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Mastercard, rivals 'ran cartel' on cards for the vulnerable, UK watchdog says

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Iain Withers
·2 min read
FILE PHOTO: Illustration photo of a Mastercard logo on a credit card
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By Iain Withers

LONDON (Reuters) - Mastercard is among five companies which broke the law for cartel behaviour when offering pre-paid cards to vulnerable members of society, Britain's Payment Systems Regulator said on Wednesday.

Mastercard, allpay, APS, PFS and Sulion agreed not to compete or poach each other's customers on cards used by local authorities for welfare payments including to the homeless, victims of domestic violence and asylum seekers, the PSR said.

The investigation is ongoing and the companies can make representations on the provisional findings, the PSR said.

Mastercard, allpay and PFS have admitted liability, and if the regulator ultimately concludes there is wrongdoing have agreed to pay maximum fines totalling more than 32 million pounds ($44 million), the watchdog said.

The PSR alleges two infringements of Britain's 1998 competition law.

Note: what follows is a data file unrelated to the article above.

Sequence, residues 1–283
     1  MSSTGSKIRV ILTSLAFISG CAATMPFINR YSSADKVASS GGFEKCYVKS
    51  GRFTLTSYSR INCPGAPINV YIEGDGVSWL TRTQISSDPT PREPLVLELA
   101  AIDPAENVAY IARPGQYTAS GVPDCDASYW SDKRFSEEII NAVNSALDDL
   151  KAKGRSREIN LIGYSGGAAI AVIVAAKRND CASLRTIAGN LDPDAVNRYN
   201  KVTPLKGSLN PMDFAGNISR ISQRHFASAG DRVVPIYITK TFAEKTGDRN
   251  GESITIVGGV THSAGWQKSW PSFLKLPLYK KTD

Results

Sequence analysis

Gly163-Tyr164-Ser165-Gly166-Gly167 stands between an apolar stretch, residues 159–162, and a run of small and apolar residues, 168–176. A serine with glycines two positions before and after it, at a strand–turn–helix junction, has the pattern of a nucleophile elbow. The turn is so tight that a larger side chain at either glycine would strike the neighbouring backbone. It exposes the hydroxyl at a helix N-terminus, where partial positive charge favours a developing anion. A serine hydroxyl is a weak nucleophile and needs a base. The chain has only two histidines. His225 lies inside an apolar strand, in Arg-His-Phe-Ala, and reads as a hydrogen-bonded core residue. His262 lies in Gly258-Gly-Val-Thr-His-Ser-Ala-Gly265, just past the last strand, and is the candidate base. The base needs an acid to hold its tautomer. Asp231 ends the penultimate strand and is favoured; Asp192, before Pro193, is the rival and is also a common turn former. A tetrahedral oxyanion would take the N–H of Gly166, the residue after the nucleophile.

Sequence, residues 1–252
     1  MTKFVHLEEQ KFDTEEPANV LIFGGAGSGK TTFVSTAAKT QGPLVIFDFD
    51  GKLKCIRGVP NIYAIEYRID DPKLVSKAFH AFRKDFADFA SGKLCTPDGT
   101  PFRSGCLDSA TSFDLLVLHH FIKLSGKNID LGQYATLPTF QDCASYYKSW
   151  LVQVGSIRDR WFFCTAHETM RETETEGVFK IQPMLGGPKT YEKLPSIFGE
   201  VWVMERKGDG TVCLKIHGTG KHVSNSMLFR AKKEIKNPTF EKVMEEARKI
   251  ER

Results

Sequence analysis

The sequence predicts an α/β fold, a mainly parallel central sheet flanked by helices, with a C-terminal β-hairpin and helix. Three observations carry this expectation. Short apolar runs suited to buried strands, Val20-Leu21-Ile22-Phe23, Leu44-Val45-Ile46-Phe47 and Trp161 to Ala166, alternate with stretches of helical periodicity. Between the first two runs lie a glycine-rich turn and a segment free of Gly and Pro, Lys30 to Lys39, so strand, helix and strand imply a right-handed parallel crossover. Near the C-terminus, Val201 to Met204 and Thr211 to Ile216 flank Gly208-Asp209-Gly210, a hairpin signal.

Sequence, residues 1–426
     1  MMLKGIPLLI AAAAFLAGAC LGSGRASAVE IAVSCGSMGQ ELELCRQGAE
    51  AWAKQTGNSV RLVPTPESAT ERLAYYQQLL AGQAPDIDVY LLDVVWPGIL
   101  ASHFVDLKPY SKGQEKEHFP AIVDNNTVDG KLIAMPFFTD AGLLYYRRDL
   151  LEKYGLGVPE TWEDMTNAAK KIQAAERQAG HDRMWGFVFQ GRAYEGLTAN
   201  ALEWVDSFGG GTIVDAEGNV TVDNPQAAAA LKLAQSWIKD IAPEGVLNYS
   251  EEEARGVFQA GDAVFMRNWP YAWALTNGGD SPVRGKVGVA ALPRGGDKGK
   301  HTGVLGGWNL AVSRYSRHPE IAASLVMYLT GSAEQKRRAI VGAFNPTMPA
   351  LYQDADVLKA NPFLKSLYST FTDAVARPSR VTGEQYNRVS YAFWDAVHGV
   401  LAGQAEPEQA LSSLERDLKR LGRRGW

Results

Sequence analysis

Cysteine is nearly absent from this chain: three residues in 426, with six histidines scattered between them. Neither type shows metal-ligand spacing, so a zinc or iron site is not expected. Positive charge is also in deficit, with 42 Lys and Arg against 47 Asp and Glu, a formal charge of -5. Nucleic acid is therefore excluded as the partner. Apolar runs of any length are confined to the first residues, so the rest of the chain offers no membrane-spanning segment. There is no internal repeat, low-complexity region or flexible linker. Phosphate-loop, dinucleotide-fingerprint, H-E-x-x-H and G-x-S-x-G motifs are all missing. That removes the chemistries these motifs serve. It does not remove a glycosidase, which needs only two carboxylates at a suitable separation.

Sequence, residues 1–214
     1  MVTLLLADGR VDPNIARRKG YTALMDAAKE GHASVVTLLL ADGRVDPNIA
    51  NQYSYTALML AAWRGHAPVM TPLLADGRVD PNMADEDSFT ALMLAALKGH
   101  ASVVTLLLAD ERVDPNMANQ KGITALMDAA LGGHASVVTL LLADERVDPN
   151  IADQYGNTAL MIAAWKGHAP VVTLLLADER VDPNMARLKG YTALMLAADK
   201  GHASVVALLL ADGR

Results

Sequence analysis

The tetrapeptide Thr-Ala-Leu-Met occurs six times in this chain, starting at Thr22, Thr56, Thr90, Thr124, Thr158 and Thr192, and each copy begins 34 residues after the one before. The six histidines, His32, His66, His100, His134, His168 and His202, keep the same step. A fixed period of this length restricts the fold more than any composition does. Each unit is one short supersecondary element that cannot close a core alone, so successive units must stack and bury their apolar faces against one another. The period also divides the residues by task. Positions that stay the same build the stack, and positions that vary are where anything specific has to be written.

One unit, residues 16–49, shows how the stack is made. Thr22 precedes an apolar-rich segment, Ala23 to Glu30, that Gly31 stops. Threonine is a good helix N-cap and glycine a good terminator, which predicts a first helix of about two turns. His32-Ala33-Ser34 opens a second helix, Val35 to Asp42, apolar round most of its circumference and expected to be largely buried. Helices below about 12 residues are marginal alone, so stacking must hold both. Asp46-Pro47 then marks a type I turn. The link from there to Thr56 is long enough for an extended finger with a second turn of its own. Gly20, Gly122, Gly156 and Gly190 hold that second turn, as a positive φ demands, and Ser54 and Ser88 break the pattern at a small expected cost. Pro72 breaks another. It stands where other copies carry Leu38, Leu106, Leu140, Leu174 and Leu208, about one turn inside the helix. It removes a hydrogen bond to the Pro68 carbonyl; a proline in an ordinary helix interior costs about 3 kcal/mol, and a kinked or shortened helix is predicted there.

One breach took place over six years between 2012 and 2018 and involved all five firms, the PSR said.

The other lasted between 2014 and 2016 and involved APS and FPS, the watchdog said.

"Pre-paid card services, like these, can provide significant benefits to local authorities as one way to make welfare payments to some of the most vulnerable people in society," said Chris Hemsley, managing director of the PSR.

"By colluding in this way, we consider the parties were acting as a cartel... Collusion in payments is absolutely unacceptable. Where we see it happening, we will take action, stop it, and seek to impose significant penalties."

Mastercard said it took the issue very seriously and had put further controls and training in place, adding the incident was isolated to UK prepaid cards.

"We apologise that the actions of two former employees resulted in the standards expected of us not being met in this instance," a Mastercard spokesman said.

Allpay said it accepted the PSR's decision, adding it had immediately informed the regulator after it became aware of potential breaches and had cooperated fully with the investigation.

Australia's EML, which bought PFS in 2019, said it had worked collaboratively with the regulator to resolve the issue and arrangements were already in place for PFS's previous owners to cover the cost of its around 920,000 pound fine.

APS was not immediately available for comment. Sulion could not be reached.

(Reporting by Iain Withers; Editing by Rachel Armstrong, Jason Neely and Jan Harvey)